Who knew 6 letters could be so powerful? Coffee can help us get through the day, get through the night, and give us a great tasting beverage like no other. Everyone's favorite wake-me-up treat can be somewhat complex if you're really looking for a great cup of Joe. Buying coffee in your local deli or shop is easy enough, but what really goes into a brew that makes you say, "Wow that's a great cup of coffee?" Read below to find out!
When grinding your own, the key to good coffee is to buy whole beans and grind them when you are ready to make the coffee - not before. Even with whole beans, coffee doesn't keep long. You want to buy the coffee from a purveyor who has roasted it recently - preferably in the last couple days. Find a coffee company in your area who roasts locally, or try Internet sources that roast their own beans and then immediately ship to you. Online coffee providers to consider are La Colombe and Peet's.
There are two kinds of coffee beans available: arabica and robusta. They come from different species of coffee plant and have slightly different flavors. Robusta beans are easier to grow but aren't as flavorful or complex; they are usually used as a filler in coffee blends, to make inexpensive coffee produces (such as instant coffee), or in espresso blends to promote formation of crema. Arabica coffee, on the other hand, is more difficult to grow (and therefore more expensive) but brews a more flavorful, complex cup. Robusta also has almost twice as much caffeine as arabica.
There is much more to coffee than popping open a can of Maxwell House blend. The first thing you might notice when you go to a coffee shop is that there are light, medium and dark roasts. What's the difference? Roasting is what makes green coffee beans into something you would want to brew. The heat of the roaster causes a series of chemical reactions; the end products are the aromatic compounds that give coffee its distinctive aroma and flavor. The longer you roast the beans, the darker the coffee gets.
Coffees by Region
Coffee originated in eastern Africa and is now grown throughout the tropics. Although only two species are grown, subspecies, local cultivars, and regional influences all affect how the coffee tastes and smells.
Coffees from Latin America are some of the most popular; Brazil is also the world's leading coffee exporter. While you can get coffee grown in just about every country south of the United States, some of the finest coffees come from Guatemala, Costa Rica, and Colombia. Brazil and Mexico also produce some notable blends. Except for Brazil, which grows both, Latin American coffees are almost always arabica beans. Many excellent coffees also come from the Carribean; Jamaican Blue Mountain is probably the best known of them all. Jamaica, Cuba, the Dominican Republic, Haiti, and Puerto Rico all grow coffee.
Coffee was said to have originally been prepared in Ethiopia, so it's no wonder that you will find some excellent coffees from this country. Kenya and Tanzania also produce beans. The type of bean varies by country; both arabica and robusta are grown here. Ethiopia, Kenya and Tanzania tend to grow arabica, but the rest of central Africa tends to grow a mixture or mostly robusta. Uganda is another major producer.
'''South Asia/Pacific Islands'''
Coffees from the South Pacific are well known -- especially those from Java! Sumatran coffee is another popular local variety as Indonesia is one of the biggest coffee producers in the world. Most of the coffee grown in this region is robusta.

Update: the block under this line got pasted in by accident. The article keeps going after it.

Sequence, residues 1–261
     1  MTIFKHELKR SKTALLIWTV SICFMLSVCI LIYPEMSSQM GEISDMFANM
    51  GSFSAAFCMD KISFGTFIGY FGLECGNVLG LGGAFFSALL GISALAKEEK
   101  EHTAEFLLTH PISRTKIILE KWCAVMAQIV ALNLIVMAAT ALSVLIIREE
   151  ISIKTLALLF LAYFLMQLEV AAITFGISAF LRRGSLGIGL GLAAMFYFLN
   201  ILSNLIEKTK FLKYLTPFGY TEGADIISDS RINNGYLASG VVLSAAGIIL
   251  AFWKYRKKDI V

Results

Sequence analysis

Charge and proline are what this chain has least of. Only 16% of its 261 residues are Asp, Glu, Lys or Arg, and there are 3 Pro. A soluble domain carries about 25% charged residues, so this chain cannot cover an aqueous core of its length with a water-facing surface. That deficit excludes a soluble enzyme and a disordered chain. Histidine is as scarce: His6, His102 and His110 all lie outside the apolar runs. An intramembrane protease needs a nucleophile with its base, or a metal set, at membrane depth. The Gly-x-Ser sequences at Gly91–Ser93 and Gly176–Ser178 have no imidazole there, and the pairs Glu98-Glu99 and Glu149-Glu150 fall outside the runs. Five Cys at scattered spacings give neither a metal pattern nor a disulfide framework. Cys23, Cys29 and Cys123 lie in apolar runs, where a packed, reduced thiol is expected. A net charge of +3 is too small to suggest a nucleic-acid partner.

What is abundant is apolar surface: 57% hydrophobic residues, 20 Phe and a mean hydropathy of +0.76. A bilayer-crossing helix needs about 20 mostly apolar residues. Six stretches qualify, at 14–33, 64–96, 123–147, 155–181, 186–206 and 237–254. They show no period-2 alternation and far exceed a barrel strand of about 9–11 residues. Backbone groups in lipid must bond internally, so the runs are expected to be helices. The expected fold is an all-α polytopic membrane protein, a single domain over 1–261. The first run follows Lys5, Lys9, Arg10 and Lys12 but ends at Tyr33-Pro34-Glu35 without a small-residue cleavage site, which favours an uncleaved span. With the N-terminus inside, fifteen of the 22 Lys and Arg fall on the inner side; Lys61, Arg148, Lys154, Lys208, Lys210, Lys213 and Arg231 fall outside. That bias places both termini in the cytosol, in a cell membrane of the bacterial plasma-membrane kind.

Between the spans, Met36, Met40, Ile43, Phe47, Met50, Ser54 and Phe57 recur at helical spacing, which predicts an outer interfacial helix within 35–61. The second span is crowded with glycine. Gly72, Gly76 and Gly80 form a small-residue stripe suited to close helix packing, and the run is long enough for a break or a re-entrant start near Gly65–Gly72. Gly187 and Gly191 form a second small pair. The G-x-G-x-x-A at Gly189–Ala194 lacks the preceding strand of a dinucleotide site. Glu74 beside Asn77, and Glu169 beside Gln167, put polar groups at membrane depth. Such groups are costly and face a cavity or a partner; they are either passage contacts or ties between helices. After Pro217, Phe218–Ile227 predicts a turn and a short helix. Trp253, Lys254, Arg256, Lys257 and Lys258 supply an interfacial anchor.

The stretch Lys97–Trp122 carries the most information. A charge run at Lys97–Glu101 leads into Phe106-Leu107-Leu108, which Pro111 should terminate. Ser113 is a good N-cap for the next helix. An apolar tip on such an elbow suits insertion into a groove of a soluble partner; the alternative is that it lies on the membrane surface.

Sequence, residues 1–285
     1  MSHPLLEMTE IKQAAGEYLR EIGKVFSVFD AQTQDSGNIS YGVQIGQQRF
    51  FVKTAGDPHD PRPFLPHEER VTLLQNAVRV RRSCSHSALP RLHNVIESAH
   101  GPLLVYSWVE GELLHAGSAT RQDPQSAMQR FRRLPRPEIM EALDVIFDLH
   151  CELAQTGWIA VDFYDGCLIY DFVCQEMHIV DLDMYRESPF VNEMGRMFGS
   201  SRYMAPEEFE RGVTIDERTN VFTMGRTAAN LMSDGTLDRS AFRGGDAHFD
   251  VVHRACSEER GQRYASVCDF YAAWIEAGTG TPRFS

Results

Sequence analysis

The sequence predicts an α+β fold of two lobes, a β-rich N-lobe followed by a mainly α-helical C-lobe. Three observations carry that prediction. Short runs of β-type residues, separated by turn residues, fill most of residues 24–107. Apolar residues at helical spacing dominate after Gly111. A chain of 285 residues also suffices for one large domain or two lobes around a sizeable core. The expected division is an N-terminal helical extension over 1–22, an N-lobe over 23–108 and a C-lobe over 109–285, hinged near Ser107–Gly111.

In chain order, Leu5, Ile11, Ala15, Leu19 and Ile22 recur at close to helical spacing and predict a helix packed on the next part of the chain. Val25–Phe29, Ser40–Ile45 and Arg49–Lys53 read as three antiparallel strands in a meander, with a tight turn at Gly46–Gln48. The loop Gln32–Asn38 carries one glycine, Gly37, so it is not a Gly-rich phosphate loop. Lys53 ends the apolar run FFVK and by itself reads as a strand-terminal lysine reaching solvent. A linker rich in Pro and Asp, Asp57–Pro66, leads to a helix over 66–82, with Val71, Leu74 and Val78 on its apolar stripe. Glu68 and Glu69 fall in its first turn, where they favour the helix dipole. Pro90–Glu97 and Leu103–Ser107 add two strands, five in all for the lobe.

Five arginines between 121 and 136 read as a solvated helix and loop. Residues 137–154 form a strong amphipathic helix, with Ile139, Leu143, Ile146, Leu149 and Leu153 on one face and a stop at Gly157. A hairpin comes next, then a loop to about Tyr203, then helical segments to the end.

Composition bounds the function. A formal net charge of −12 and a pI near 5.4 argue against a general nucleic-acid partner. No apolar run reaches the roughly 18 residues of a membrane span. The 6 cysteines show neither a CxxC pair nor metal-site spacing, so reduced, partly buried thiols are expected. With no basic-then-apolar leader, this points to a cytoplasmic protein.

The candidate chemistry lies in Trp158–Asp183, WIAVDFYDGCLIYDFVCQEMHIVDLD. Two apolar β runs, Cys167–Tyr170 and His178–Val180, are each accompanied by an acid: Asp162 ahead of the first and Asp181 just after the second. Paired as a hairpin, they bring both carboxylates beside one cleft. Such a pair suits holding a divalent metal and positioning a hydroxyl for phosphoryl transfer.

Only one state out of fifty has a climate appropriate for growing coffee -- Hawai'i. Kona coffee grows on one side of Big Island (Hawai'i) and is some of the rarest in the world. If you ever find yourself shopping on the big island, look for "100% Kona Coffee" on the label to make sure you're getting the real deal.
Fair Trade, Shade Grown, and Organic
Coffee growers have come under intense scrutiny in the last decade or so for their labor practices. You might have noticed that some of the coffee even in your local supermarket is now labeled "Fair Trade Certified". Basically, Fair Trade Certification guarantees that the laborers and farmers receive a fair price for their coffee beans, not an artificially low price due to the glut of cheap robusta coffee on the market. Fair Trade coffee growers have greater stability within their families and Fair Trade practices can benefit and strengthen entire communities.
Another increasingly common label on coffee is "shade grown" or "bird friendly". Modern coffee farms often clear-cut areas of rainforest to plant coffee bushes. Direct sunshine causes the coffee to ripen more quickly, but the habitat devastation can have a considerable impact on the population of birds, insects and other wildlife. Shade grown coffee is grown the traditional way -- under a canopy of trees. This keeps more of the habitat intact, and while the coffee takes longer to ripen, it is often considered to be of superior quality.
You might also see coffee labeled "organic". Organic coffee may also be free trade or shade-grown, but one does not always imply the other. Organic simply means that the coffee was grown in accordance with organic farming practices; essentially, no artificial chemical fertilizers or pesticides were used on the coffee. Organic farming practices are also beneficial to the environment.
Coffee Making Essentials
Now that you've got the lowdown on coffee beans of all types, perhaps you've picked some up and decided to make your own coffee or gotten a coffee maker to brew the grounds. Whether you've just bought a coffee maker or need some replacement items, check out the products below to help you keep on brewing.